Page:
A Long Shot; The Quest For A Ghost Orchid

The Audubon Corkscrew Swamp Sanctuary in Southwest Florida has been left virtually untouched by man, except for the construction of one of the world’s most beautiful boardwalks that wanders through the heart of this ancient bald cypress swamp. In July 2007, the discovery of a ghost orchid at Corkscrew was very big news. Ghost orchids are rare; it’s estimated there are only 1000 growing in the wild and they can only be found in Cuba and South Florida. This orchid is pollinated by the Giant Sphinx moth only at night. Before the seed of the orchid can germinate the seed must be infected by a strain of beneficial fungus and receive the right amount of moisture and sunlight. A ghost orchid has no leaves and when it’s not blooming it’s nearly impossible to see. When the orchid blooms, its white flowers appear to hang in midair like little ghosts, giving the orchid its name.

Upon arrival at Corkscrew I met with the staff to get the orchid’s location. After about 30 minutes of walking, I looked toward the east into the swamp about 150 ft and 50 ft up; I then saw the giant 600-year-old bald cypress tree. Barely visible with the naked eye, I could see the spray of white flowers. The group of flowers was about the size of an automobile license plate. As soon as I looked through my Nikon D2X with a 200-400mm VR lens, I could see I might be in trouble with this one (#1).

All Photos © 2007, R J Wiley, All Rights Reserved

The orchid was too far away for a real good close-up with this lens. I had permission to leave the boardwalk and get closer to the tree, but the best angle was from the boardwalk. I took a few shots and headed out because of an incoming thunderstorm. The next morning I got to the swamp early, set up my gear and waited for the sun to light up the orchid.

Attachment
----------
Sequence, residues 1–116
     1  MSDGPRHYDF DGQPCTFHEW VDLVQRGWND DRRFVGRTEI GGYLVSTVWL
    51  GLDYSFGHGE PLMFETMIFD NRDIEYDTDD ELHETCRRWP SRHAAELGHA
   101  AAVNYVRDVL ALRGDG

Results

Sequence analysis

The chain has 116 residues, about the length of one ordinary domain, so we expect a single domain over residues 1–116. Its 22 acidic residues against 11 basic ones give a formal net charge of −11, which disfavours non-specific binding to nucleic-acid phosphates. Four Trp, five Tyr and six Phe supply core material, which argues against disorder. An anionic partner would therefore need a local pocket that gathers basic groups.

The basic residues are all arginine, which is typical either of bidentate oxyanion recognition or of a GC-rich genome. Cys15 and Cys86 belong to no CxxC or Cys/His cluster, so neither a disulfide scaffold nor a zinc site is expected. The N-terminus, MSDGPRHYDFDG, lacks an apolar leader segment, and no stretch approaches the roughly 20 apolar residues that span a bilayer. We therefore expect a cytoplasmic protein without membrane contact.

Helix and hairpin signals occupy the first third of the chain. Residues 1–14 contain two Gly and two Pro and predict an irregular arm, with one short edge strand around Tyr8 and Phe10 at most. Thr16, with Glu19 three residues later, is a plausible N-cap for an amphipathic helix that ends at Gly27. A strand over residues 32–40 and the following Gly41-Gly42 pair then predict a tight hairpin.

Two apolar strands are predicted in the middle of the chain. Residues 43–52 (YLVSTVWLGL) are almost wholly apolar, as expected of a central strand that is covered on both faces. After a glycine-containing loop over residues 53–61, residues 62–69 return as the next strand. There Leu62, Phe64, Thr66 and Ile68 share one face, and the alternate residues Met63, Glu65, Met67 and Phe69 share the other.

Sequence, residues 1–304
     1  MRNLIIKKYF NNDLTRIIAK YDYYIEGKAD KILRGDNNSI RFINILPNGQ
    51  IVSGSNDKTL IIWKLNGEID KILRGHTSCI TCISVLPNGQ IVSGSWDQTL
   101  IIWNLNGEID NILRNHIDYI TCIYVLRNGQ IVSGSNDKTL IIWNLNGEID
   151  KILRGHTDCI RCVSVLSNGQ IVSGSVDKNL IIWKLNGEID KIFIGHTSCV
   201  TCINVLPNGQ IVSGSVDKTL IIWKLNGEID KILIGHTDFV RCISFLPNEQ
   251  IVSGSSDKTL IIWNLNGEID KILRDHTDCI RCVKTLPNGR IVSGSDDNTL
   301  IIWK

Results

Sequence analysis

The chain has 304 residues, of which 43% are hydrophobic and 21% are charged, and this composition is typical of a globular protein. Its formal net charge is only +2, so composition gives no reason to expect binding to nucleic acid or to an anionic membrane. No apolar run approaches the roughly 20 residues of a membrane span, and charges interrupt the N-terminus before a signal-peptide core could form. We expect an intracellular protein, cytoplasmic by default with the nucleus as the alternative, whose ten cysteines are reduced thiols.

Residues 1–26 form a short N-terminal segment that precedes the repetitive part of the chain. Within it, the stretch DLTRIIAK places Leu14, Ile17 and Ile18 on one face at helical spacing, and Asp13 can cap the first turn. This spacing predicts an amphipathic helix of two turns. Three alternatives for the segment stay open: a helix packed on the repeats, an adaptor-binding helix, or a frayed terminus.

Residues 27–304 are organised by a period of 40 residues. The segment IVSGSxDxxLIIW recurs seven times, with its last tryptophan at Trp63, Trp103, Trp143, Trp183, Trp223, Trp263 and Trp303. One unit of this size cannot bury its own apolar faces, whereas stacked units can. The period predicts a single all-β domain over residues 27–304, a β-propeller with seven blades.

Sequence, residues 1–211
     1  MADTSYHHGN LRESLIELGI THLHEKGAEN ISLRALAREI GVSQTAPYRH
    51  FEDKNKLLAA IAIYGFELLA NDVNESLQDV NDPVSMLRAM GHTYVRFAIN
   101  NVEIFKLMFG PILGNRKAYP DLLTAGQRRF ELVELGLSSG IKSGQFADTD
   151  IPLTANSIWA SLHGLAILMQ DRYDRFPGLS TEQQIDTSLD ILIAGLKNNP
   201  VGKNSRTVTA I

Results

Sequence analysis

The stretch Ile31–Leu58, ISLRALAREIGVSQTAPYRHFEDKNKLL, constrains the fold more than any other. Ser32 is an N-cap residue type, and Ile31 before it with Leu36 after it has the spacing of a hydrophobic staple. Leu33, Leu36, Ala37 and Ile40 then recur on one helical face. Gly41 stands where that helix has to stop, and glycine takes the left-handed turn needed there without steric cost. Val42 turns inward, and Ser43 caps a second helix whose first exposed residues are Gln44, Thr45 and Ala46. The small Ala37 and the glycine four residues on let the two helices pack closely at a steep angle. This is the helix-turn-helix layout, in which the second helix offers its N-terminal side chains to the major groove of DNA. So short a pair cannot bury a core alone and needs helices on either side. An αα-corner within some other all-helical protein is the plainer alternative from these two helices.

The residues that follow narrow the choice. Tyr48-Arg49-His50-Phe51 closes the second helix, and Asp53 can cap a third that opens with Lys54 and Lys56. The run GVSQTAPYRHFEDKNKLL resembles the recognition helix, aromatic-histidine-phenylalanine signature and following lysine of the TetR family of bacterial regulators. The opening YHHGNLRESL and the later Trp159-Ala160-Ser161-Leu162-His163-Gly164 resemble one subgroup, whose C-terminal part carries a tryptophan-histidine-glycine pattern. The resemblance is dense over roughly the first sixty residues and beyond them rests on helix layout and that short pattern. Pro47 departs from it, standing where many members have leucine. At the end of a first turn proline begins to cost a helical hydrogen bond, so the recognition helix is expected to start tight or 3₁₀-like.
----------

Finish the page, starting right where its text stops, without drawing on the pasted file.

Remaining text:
If you’ve ever photographed on a boardwalk you’re probably familiar with the vibrations that come along from people’s footsteps. With the 200-400mm lens plus the 2x converter and 1.5 multiplier effect of the D2X, I had the equivalent of a 1200mm focal length, very tough to hold still. The newspaper and TV news picked up on the story the night before and when the sun showed up so did the public. At 1200mm and shooting in a dark swamp at f/18 and a shutter speed of 1⁄20 sec and slower, the vibrations coming from the boardwalk as people passed by made it nearly impossible to get many good usable photos.

In a few days it was all over and the flowers were gone. I did get some usable photos but nothing that I really liked. Knowing that I had at least a year to prepare for another bloom (that’s of course up to the orchid, they don’t always bloom every year), my plan was to start saving for a lens right away. But to everyone’s amazement a week after the last flower died the orchid budded up with 14 new buds. It looked like I didn’t have a year to get that new lens. After spending four hours on the Internet looking for a prime lens I finally found a Nikon 500mm f/4 and had it shipped overnight. The difference between the 500mm prime and the 200-400mm zoom using a 2x tele-converter was amazing, to say the least. Plus I picked up another 300mm.